RALI Indiana is an alliance of local, state and national organizations committed to finding solutions to end the opioid crisis in
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Press Release: Indianapolis Mayor Joe Hogsett announces new effort with Marion County fire departments to combat central Indiana’s opioid epidemic

INDIANAPOLIS – In partnership with the Rx Abuse Leadership Initiative (RALI) Indiana and the Professional Firefighters Union of Indiana (PFFUI), Indianapolis Mayor Joe Hogsett today announced a new education initiative focused on safe disposal of unused medicines. RALI will donate 25,000 drug disposal kits to five of the county’s fire departments, which will provide first responders with a crucial tool in the effort to fight the opioid crisis. The departments will soon distribute the kits within Indianapolis-area neighborhoods, allowing more Hoosiers to easily and safely dispose of unused prescription medication from their own homes.

 

“I am wholeheartedly dedicated to this cause and am proud of the work RALI Indiana and the Professional Firefighters Union of Indiana are doing to stamp out this crisis,” said Mayor Hogsett. “Our work to save lives and turn the tide on this epidemic is growing by the day and we will continuously work to ensure a positive future for our city and state.”

Launched in July, RALI Indiana is a diverse coalition of business and community leaders, patient organizations and other health care stakeholders dedicated to finding and supporting solutions to end the opioid epidemic. The group has partnered with several groups such as PFFUI to address opioid misuse in Indiana, to educate communities about the importance of safe drug disposal and to oversee the distribution of drug disposal kits.

 

The fire departments in the cities of Indianapolis and Lawrence along with the departments in Decatur, Pike and Wayne townships will distribute the kits at community events and through other outreach in the coming weeks and months.

 

“As firefighters, we see the human toll this epidemic takes every day,” said Indianapolis Fire Chief Ernest Malone. “But, these kits could keep someone prone to addiction from ever trying their first opioid. They are another small but critical step in ending this crisis.”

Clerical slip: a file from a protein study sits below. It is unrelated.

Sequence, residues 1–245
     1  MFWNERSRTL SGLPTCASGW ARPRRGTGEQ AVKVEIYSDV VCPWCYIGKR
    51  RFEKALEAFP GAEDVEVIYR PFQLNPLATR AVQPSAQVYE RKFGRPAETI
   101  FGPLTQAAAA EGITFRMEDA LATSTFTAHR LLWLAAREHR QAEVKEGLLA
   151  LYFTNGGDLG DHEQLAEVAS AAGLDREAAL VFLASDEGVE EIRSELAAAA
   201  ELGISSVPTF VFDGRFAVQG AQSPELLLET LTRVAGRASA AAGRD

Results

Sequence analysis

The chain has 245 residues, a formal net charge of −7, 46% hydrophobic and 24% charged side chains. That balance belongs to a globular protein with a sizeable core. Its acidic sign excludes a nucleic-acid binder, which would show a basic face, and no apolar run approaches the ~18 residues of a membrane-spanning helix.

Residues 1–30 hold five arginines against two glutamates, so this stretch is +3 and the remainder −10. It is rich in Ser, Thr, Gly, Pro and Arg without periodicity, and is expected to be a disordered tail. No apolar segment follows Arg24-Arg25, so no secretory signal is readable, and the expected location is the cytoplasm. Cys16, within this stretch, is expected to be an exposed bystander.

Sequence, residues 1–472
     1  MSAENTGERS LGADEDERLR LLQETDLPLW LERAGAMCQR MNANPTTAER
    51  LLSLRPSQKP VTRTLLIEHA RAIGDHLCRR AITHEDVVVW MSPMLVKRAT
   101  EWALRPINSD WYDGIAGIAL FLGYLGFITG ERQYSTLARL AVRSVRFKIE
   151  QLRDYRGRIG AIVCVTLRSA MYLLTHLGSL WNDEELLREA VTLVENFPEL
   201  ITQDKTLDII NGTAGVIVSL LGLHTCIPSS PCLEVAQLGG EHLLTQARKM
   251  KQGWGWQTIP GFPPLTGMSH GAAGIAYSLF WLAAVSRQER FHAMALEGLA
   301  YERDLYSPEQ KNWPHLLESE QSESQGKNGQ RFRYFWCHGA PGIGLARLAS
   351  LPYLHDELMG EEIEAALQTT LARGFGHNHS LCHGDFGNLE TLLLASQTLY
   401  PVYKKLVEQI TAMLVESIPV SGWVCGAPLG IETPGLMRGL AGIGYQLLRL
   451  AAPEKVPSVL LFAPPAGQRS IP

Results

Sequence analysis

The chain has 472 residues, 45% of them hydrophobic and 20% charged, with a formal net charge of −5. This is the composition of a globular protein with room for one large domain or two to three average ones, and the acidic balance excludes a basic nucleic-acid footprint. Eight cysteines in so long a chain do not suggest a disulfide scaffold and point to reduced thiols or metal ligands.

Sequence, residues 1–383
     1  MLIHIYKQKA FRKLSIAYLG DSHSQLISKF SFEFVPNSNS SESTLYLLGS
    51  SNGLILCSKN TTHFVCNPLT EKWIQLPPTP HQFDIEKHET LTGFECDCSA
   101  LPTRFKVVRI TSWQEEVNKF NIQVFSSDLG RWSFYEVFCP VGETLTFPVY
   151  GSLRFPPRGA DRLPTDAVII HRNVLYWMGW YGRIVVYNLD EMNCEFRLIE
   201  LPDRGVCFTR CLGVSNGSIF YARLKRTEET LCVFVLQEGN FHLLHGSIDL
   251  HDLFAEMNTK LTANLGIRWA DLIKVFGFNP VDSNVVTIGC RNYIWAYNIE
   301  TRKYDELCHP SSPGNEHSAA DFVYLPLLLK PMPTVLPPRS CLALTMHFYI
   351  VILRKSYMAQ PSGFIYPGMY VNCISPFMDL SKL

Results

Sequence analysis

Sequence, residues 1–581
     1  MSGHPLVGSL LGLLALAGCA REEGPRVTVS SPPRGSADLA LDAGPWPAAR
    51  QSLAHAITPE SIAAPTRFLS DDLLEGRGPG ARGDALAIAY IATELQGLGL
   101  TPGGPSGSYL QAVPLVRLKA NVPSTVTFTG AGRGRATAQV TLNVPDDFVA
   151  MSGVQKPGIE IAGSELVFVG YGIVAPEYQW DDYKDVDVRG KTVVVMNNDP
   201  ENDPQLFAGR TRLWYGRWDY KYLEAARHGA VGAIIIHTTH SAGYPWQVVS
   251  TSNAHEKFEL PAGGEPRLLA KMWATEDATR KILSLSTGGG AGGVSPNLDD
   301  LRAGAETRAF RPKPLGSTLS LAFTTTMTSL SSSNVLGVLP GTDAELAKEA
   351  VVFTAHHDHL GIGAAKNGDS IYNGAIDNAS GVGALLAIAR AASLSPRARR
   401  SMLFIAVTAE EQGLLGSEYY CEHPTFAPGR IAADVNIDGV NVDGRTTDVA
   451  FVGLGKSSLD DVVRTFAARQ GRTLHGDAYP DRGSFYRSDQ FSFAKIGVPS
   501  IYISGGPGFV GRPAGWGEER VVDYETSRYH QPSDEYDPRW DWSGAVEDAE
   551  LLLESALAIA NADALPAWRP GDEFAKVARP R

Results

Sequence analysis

Indiana is one of four states where the fatal drug overdose rate has quadrupled since 1999.  According to the Indiana University Richard M. Fairbanks School of Public Health, more than 1,700 Hoosiers died from a drug overdose in 2017 – an all-time high and a 75 percent increase since 2011. Governor Eric Holcomb and his administration along with state lawmakers are tackling the issue on many fronts including expanding addiction treatment, recruiting more medical providers trained in addiction diseases and enhancing data-sharing to better track the crisis.

 

“Thanks to the efforts of organizations like RALI Indiana, our state stands a chance at ending this public safety crisis once and for all,” said State Representative and Indianapolis Fire Department Lieutenant Dan Forestal. “The work these groups and their partner organizations are doing is crucial to educating and empowering Hoosiers to stop this crisis in its tracks.”

For more information about RALI Indiana, the fight against Indiana’s opioid epidemic and how to safely dispose of unused medication through multiple methods, visit www.rali-in.org.

ABOUT RALI Indiana:

RALI Indiana is an alliance of local, state and national organizations committed to finding solutions to end the opioid crisis in Indiana. Partners of the coalition include:

  • Accelerate Indiana Municipalities

  • Community Anti-Drug Coalitions of America

  • Drug Free Marion County

  • The National Grange

  • Indiana Chamber

  • Indiana Manufacturers Association

  • Indiana Sheriffs’ Association

  • National Black Nurses Association

  • National Consumer League

  • Pharmaceutical Research and Manufacturers of America

  • Professional Firefighters Union of Indiana

  • Trusted Mentors

  • Wellness Council of Indiana

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